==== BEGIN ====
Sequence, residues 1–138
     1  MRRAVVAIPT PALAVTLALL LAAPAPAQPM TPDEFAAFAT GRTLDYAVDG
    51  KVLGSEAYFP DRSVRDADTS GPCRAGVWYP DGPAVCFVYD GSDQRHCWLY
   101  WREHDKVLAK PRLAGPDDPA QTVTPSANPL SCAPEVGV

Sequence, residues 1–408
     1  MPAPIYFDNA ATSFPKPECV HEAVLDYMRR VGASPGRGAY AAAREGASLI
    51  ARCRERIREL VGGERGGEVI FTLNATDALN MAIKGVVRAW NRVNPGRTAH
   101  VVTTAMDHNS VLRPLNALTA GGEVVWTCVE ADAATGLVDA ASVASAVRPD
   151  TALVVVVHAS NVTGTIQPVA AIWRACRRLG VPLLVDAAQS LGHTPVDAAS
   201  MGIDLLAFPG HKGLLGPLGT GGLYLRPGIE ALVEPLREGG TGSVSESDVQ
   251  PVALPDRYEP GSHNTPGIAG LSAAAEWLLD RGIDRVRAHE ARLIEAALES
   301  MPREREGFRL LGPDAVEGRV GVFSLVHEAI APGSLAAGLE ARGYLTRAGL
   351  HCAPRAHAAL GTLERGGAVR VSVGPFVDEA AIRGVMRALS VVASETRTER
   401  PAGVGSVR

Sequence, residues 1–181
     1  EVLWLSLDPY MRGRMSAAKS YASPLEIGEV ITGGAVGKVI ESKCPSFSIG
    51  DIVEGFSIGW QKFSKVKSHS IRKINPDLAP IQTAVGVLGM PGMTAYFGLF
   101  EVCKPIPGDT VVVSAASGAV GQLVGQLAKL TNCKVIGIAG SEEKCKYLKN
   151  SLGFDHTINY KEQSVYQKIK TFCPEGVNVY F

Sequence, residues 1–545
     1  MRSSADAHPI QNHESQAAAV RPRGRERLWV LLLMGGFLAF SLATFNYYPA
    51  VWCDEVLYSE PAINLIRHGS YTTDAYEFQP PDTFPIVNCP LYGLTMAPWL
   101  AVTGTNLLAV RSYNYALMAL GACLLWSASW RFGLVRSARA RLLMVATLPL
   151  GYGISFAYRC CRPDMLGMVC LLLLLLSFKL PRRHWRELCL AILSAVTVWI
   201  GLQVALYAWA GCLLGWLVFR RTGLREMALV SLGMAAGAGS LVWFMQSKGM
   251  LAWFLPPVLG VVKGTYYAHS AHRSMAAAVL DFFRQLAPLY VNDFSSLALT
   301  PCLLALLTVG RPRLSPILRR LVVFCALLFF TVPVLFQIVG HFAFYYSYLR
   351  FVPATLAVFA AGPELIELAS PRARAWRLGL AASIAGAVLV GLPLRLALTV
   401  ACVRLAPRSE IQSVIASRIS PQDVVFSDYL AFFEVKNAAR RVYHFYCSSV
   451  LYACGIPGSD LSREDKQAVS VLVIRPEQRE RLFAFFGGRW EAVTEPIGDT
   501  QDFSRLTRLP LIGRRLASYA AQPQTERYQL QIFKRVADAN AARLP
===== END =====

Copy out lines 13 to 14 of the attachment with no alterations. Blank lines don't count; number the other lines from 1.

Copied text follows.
   351  HCAPRAHAAL GTLERGGAVR VSVGPFVDEA AIRGVMRALS VVASETRTER
   401  PAGVGSVR